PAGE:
The Republican field of candidates for president has now entered a winnowing phase where the party's voters are clearly indicating that there are only six viable candidates in the race. From an initial field of 17 candidates, two have dropped out, five are on life support (politically), and four are in stable but critical condition. This has left only Donald Trump, Ben Carson, Carly Fiorina, Marco Rubio, Jeb Bush, and Ted Cruz with any meaningful chance of winning the party's nomination.
The poll numbers went through a major reshuffling right after the second Republican debate, so there's always a chance this could happen again after the next one. A candidate could have a brilliant debate performance and catch fire, and then follow in Carly's footsteps in the polling. It's still fairly early in the race, and anything could indeed happen. This is probably only possible from within the "critical condition" group, though -- those who are currently averaging between 2.4 and 3.1 percent in the polling. These four candidates may get the chance to be on the same debate stage with the top six next time around (assuming they'll be using similar rules to the first two debates), so they'll have the opportunity to have that magic breakout performance when everyone's watching. In order, these candidates are: John Kasich (3.1 percent average in polling), Mike Huckabee (2.8 percent), Chris Christie (2.6 percent), and Rand Paul (2.4 percent). While Paul has been holding steady in the polling over the past few weeks, though, the other three have been slowly slipping.
The "life support" group is probably beyond all redemption at this point. The five whose campaigns are no longer relevant (if they ever were) are: Bobby Jindal (0.5 percent), Rick Santorum (0.4 percent), Lindsey Graham (0.3 percent), George Pataki (0.3 percent), and Jim Gilmore (who isn't even listed on the Real Clear Politics poll-tracking page).
This leaves six viable contenders, all of whom are polling comfortably above five percent. The pundit world has been trumpeting the fall of Donald Trump for quite a while now, and in the past few weeks they've been joyously pointing out that Trump's poll numbers have fallen for the first time. What this fails to acknowledge is that Trump is still leading the pack, and still has poll numbers any of the other candidates would kill for. The only candidate to get within shouting distance of Trump in the polls has so far been Ben Carson. Trump experienced a drop of roughly seven points right after the second debate, but since then he's held pretty steady. Right now, he's averaging 22.8 percent, down only a point or so in the past few weeks. So his much-discussed slide in the polls may already be over -- something the pundits have been largely ignoring.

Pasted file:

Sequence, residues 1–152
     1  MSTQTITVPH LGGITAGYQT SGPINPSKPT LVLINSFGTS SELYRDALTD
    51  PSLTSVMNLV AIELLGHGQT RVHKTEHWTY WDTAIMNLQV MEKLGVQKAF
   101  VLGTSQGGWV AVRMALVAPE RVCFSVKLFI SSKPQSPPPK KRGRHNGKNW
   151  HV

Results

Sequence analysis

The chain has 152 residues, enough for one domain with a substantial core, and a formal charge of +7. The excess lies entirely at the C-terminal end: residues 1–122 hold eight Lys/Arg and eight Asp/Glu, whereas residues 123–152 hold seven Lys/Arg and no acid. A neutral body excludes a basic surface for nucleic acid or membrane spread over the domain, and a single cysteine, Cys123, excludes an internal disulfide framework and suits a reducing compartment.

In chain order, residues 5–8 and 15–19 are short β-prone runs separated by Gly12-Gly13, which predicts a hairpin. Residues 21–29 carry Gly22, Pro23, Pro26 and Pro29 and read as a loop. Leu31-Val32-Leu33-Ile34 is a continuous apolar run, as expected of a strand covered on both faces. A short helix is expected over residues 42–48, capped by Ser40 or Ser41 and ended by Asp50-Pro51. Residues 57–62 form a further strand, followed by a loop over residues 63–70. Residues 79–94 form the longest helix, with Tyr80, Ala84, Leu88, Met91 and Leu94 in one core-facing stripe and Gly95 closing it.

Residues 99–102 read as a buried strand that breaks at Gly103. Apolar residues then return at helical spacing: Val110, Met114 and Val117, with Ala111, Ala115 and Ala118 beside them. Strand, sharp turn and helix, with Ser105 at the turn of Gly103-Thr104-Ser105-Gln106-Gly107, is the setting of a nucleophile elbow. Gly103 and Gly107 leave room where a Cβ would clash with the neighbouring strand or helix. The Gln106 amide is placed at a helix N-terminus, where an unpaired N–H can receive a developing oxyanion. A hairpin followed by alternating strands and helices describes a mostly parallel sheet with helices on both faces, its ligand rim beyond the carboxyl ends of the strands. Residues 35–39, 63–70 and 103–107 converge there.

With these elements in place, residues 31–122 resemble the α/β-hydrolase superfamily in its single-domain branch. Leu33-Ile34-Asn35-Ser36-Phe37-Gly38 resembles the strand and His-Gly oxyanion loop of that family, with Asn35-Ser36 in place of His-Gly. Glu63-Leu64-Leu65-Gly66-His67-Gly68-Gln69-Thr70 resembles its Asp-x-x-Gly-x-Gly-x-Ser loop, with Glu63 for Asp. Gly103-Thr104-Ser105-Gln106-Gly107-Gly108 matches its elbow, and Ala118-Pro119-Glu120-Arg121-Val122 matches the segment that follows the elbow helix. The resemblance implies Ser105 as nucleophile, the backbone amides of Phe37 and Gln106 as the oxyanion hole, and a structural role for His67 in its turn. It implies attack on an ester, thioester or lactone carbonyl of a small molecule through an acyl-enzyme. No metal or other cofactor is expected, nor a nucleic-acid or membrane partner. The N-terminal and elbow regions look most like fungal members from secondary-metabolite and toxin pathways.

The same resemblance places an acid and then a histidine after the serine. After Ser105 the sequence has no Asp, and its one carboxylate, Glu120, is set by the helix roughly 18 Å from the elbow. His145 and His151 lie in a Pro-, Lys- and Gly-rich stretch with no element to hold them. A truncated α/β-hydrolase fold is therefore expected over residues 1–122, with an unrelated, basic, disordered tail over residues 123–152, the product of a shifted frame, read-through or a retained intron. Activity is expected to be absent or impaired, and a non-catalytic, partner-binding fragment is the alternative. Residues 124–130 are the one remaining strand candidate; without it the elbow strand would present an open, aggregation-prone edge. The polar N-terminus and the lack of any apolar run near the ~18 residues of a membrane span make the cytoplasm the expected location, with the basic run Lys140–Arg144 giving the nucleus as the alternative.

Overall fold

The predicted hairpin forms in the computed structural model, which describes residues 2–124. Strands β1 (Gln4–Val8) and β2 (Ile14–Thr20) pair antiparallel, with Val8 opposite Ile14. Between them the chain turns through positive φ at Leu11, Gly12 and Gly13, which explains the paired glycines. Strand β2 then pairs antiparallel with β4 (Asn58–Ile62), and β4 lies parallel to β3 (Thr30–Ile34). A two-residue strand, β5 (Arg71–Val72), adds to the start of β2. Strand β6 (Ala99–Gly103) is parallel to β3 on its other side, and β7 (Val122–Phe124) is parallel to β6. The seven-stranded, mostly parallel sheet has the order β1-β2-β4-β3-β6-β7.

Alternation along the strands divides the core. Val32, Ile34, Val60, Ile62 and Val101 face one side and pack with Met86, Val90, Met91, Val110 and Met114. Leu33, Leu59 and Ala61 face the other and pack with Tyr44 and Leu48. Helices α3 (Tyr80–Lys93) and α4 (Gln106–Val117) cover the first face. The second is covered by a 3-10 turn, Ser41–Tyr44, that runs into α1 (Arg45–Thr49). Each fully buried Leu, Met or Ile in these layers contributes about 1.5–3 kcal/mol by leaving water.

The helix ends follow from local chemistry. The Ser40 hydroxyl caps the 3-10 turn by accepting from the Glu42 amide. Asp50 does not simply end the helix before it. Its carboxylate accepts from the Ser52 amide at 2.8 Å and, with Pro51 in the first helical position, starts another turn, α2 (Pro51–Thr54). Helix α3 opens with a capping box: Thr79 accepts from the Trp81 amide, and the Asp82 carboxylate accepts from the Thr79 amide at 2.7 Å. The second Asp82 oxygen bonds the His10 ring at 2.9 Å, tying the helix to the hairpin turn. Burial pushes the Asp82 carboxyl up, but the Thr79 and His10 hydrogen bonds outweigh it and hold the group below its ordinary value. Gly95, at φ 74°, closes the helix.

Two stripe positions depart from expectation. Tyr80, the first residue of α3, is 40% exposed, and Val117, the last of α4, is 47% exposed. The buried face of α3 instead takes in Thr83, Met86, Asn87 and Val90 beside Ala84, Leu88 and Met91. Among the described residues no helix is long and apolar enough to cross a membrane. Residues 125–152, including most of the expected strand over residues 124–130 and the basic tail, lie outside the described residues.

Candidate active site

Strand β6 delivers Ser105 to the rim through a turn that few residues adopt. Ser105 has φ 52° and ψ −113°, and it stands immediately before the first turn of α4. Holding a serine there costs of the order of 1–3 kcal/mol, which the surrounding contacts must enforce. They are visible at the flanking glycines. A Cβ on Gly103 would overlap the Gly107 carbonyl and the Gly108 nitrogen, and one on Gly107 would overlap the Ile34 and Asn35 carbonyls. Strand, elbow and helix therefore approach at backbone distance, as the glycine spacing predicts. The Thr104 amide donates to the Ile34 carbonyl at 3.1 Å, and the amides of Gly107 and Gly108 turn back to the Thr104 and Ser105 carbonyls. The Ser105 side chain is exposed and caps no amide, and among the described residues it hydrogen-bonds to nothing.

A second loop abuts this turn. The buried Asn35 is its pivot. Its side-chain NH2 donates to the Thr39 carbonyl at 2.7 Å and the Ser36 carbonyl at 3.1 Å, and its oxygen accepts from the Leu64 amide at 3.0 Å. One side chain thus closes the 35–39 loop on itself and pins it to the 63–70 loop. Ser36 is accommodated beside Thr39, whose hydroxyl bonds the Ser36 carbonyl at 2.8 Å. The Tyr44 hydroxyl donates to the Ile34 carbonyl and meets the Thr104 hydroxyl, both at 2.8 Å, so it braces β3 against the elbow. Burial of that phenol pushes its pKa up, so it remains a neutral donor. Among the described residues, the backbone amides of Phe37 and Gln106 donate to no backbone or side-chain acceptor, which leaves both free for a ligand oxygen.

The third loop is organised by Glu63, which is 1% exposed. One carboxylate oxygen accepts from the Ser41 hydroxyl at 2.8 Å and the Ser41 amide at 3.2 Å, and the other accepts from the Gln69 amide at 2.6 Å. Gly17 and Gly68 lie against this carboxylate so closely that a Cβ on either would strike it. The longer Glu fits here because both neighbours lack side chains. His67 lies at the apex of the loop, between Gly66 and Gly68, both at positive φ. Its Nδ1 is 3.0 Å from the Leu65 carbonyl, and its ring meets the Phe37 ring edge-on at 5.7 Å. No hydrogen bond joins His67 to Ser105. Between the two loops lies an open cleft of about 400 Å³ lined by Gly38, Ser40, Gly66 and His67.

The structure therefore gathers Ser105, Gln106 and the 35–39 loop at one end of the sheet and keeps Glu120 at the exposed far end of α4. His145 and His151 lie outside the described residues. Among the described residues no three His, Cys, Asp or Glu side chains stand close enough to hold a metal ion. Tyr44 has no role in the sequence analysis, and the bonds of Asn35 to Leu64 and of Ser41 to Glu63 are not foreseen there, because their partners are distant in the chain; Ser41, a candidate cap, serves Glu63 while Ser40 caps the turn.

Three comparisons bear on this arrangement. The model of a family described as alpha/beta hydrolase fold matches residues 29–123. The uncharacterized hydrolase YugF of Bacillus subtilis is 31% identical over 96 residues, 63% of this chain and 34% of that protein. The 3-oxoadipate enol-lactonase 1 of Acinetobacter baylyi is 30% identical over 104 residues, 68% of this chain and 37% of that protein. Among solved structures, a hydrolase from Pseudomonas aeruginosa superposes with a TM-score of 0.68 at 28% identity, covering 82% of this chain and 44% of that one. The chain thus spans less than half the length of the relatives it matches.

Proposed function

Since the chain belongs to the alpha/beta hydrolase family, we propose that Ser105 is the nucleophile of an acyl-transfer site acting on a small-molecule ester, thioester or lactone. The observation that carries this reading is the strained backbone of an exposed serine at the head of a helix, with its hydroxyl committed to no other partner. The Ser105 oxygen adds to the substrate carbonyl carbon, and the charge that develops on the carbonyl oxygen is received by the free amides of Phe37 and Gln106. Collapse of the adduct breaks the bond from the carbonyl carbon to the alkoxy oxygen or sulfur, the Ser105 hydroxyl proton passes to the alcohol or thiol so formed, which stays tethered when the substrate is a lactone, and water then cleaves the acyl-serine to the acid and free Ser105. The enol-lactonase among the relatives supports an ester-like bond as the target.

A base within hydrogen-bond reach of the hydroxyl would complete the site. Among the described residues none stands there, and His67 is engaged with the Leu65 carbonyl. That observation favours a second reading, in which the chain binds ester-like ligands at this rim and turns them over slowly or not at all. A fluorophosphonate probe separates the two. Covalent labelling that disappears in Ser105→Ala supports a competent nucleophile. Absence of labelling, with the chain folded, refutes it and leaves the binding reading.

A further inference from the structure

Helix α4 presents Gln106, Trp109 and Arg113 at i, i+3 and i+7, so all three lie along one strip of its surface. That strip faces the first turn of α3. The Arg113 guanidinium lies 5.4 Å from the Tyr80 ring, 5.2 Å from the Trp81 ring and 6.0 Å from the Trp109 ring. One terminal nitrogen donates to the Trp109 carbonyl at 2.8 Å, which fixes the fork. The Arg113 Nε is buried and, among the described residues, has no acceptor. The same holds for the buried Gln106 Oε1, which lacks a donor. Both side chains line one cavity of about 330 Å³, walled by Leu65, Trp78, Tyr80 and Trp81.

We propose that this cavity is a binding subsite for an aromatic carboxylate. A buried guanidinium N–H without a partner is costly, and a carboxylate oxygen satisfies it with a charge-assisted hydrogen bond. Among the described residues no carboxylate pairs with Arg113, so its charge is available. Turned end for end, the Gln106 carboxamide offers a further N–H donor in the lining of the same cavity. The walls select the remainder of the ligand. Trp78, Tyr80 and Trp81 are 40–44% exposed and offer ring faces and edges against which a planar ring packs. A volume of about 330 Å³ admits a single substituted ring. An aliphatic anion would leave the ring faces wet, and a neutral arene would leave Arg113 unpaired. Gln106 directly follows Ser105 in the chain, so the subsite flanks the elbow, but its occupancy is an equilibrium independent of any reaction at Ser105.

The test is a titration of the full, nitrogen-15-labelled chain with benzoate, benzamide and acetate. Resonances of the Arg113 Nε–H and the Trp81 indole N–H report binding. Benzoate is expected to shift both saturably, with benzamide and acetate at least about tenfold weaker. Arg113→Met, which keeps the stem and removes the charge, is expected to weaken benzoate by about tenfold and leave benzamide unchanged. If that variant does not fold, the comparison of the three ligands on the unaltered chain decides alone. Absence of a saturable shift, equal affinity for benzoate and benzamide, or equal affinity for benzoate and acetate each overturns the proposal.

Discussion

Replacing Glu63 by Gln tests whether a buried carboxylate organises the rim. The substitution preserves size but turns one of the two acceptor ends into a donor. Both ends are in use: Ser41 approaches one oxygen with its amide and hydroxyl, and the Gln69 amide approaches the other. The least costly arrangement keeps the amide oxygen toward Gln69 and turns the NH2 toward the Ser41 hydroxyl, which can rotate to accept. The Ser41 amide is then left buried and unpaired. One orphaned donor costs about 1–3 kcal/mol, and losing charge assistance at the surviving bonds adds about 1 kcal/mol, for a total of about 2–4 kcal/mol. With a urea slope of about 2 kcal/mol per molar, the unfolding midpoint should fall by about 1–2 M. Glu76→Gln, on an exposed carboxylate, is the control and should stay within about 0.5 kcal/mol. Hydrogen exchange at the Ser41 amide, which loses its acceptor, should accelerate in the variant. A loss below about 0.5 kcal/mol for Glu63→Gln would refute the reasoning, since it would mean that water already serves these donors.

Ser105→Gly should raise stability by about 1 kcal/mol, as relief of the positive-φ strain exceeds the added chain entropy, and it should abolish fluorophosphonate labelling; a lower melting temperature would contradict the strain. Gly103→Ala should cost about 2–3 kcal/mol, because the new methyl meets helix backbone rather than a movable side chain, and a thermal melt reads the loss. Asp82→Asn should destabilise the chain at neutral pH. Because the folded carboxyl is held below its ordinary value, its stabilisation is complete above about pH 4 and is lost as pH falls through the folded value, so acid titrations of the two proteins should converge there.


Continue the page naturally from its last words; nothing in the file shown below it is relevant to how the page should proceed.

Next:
Something else most pundits have failed to notice is that Ben Carson is also slipping in the polls. Like Trump, Carson is a political neophyte. This means he doesn't have pat answers to every policy question thrown at him. And he's stumbled more than once, which may be having an impact on his overall support. Carson slid around four points at the same time Trump did, but since then he's somewhat recovered, although (like Trump) at a lower level. Carson is currently polling at 17.3 percent, up from 16.3 percent right after his numbers fell.
Carly Fiorina's rise has been overstated in the press, which continues to baffle me a bit. She did turn in two good debate performances, which attracted a lot more voter support, but she has also topped out in the low double digits. She's polling right now at 11.0 percent, down roughly a point in the past few weeks. But she's never gotten as high as Carson or Trump. Maybe the next debate will provide her with another bump, which would truly make her a frontrunner, but for now she's in a pretty distant third, with only half of Trump's support.